Did you know that international paper sizes (like A3, A4, etc) are based on the square root of 2?
Because the square root of 2 has this cool property:
1 × √2 × √2 = 2
Which lets us have this:
So we can have sheets that have exactly the same proportions (their ratio of side lengths are the same) and also fit in each other perfectly:
Two A4s make an A3
and have the same proportions
This makes things really efficient:
- Don't have any A3? Tape two A4's together.
- Don't have any A5? Cut an A4 in half.
And because they have the same proportions, any artwork or document can be resized to fit on any sheet:
Another benefit is that you can print something out at 70% size and fit 2 pages side-by-side on just one sheet like this:
Why 70%? Because 1/√2 = 0.7071... which is close to 70%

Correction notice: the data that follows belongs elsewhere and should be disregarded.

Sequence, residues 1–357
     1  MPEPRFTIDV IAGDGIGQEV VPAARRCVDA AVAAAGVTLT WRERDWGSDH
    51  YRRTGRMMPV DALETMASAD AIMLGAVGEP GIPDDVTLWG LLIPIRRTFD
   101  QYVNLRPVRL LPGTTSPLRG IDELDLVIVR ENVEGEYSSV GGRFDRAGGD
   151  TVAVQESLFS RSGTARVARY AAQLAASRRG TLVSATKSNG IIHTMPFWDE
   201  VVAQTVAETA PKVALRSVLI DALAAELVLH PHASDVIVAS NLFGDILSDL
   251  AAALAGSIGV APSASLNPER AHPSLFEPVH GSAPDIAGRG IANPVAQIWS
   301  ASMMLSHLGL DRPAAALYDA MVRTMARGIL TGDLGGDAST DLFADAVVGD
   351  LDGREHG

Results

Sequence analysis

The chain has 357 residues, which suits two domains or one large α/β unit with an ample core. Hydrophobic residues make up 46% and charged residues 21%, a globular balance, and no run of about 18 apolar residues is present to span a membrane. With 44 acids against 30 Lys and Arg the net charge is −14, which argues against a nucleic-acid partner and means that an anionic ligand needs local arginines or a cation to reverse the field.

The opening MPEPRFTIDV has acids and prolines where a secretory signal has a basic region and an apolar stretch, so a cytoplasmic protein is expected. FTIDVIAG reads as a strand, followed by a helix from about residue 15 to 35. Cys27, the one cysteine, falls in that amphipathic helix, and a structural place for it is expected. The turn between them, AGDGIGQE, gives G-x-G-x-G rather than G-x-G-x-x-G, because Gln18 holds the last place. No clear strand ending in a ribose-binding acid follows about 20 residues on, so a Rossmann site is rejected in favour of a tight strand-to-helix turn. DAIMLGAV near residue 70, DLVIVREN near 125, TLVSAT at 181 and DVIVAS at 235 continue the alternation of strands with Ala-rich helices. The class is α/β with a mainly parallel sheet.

A similar enlargement is √2 = 1.4142... which is close to 140%
The popular A4 size is 210 mm wide by 297 mm high:
With a width of 210 the height is: 210 × √2 ≈ 297
Here are all the sizes cut from an A0 sheet (which has an area of 1.0 m2):
Lastly here are the official sizes:
|size||mm × mm||about the size of a||area|
|A0||841 × 1189||table top||1.0 m2|
|A1||594 × 841||0.5 m2|
|A2||420 × 594||monitor||0.25 m2|
|A3||297 × 420||0.125 m2|
|A4||210 × 297||writing sheet||0.0624 m2|
|A5||148 × 210||0.0311 m2|
|A6||105 × 148||0.0155 m2|
|A7||74 × 105||note||0.00777 m2|
|A8||52 × 74||0.003848 m2|
|A9||37 × 52||0.001924 m2|
|A10||26 × 37||stamp||0.000962 m2|
Note: you can think of the "A-number" as how many folds (or cuts-in-half) away from an A0 we are. So an A3 needs 3 folds of an A0, and so is ½×½×½ = 1/8th the size.